THE OLD ARNOLD ESTATE (A.K.A. THE CONJURING HOUSE)
This house was the real-life basis for the 2013 horror film The Conjuring. I’m going to bore you by sticking closer to the known facts than the film, books about the topic, and lots of what you will find online will tell you; my main source for the factier facts is this investigative web site. Also, most accounts of the story start with the haunting (1970-1980) and work backwards and keep it vague. I’m going to go chronologically and try to be a little more specific.
What I know is that the Old Arnold Estate was built in Harrisville, Rhode Island in 1736. Harrisville is part of Burrillville, and adjacent to my mother’s hometown of Putnam, Connecticut. Many, many generations of Arnolds lived on the farm. And tragedies happened to at least three members of the family, although not all of it happened on the property. A Susan Arnold hung herself in the house in 1866. 11 year old Prudence Arnold was raped and murdered (throat slit) by farmhand William Knowles in 1848 (this happened across the state line in Massachusetts). And an Edwin Arnold was found frozen to death on the nearby property of Smith Aldrich after a night of carousing at the pub.
Then there is the case of the Arnold’s next door neighbor Bathsheba Sherman (1812-1885). If you squint at the photo above, which was taken on the Arnold estate, some have speculated that the woman in the center foreground is Bathsheba. Bathsheba was the daughter of Ephraim Thayer and Hannah Taft, and the wife of Judson Sherman. She had four children, only one of whom lived past early childhood. About Bathsheba there is much lore, most of it of recent vintage: that she was secretive, evil, mean, a witch, a Satanist, and that she killed a baby by driving a knitting needle into the back of its skull. There doesn’t seem to be evidence for any of this. When she died, she was given the usual Christian burial next to her husband, although it seems as though some puddingheads decided to vandalize her grave marker:
At any rate in 1970, a nice modern American family named the Perrons acquired the Old Arnold Estate and, by their testimony, things began to happen. Objects, including beds, levitated. Voices and noises were heard. A woman in a grey dress appeared and said “Get out!” People were slapped and pinched by unseen forces. And one of the family was stabbed by an invisible needle which drew blood. Who you gonna call? Why Ed and Lorraine Warren, of course, America’s most famous psychic investigators, and the folks who also cleaned up the cobwebs at the Amityville Horror House. The Perrons and the Warrens seem to have decided many things about whom those spirits may have been and then decided to tell the world. Andrea Perron wrote her three volume account House of Darkness, House of Light. And Hollywood made The Conjuring, which turned into an entire multi-million dollar franchise.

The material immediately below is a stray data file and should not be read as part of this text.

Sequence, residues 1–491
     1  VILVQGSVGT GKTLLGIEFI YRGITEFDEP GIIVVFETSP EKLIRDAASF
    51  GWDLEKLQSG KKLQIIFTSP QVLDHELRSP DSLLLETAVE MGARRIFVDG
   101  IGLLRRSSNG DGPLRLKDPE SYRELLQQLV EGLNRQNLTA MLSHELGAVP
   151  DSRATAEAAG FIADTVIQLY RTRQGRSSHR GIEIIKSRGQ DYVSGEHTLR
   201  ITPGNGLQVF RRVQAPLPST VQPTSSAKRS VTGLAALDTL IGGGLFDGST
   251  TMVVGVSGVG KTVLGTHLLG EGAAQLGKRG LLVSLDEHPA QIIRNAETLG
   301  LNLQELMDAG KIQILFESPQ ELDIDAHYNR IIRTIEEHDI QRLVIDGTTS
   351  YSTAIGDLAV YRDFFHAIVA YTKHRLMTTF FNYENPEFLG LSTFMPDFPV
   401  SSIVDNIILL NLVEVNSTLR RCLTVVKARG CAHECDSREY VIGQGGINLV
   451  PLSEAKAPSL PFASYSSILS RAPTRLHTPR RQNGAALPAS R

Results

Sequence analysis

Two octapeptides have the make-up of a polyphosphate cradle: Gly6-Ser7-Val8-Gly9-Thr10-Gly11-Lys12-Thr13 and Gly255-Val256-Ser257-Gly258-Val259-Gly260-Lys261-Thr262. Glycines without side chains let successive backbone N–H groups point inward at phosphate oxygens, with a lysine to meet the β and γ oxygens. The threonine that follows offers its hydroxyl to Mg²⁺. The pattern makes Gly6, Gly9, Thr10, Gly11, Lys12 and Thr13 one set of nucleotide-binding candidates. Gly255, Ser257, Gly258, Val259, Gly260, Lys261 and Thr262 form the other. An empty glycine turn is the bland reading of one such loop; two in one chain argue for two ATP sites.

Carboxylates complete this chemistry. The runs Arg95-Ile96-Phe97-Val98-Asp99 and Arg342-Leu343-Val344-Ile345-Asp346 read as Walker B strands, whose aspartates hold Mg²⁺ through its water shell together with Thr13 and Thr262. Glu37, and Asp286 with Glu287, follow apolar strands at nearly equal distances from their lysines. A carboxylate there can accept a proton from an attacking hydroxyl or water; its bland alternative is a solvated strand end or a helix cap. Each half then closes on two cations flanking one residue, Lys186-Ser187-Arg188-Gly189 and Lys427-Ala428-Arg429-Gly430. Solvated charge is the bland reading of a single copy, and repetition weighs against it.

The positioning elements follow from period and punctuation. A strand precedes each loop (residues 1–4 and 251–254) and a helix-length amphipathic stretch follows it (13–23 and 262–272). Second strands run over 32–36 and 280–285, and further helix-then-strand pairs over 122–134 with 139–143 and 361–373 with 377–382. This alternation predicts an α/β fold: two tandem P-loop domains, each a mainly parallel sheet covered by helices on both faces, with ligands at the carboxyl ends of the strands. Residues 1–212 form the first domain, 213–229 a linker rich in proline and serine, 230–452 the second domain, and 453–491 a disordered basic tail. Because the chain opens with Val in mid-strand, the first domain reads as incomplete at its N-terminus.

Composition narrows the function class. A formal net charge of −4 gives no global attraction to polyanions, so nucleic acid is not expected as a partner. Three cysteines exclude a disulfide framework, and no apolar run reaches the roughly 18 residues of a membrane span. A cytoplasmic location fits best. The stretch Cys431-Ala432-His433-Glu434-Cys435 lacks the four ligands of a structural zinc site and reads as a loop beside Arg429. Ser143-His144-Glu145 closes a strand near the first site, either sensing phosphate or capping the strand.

What’s my connection to all this? Well, as I mention above, my mom is from just a few miles away and I am related to all of those families historically connected with the house and the area: the Arnolds, the Shermans, the Thayers, the Tafts, and even the Aldriches. all of them are names in my family tree. All of them, it seems, but the Perrons and the Warrens — and that’s okay by me.
59 Church Street, Charleston, said to be haunted by Ladd
DR. JOSEPH BROWN LADD
My great-great-great grandmother Almira Kirtland Ladd of New London was one of a hugely prolific clan of New England Ladds. These Ladds were fruitful and multiplied. Many of them were famous (I’ve written about some, and I’ll write about others). And, it turns out, my first crush in high school was also one of them! And, so too was Dr. Joseph Brown Ladd (1764-1786). Ladd was born in Newport, Rhode Island but through a curious set of circumstances he would go on to become one of the most famous ghosts of Charleston, South Carolina. (Only yesterday I read of another Rhode Island family with a foothold in Charleston, the Hazards, founders of the village of Peace Dale. A likely explanation for a social corridor between the two distant locations is the slave trade, which flourished in both locations in the 18th centuries, though I hasten to point out that the Hazards would come to be prominent slavery opponents in the 19th century. But this is a digression!)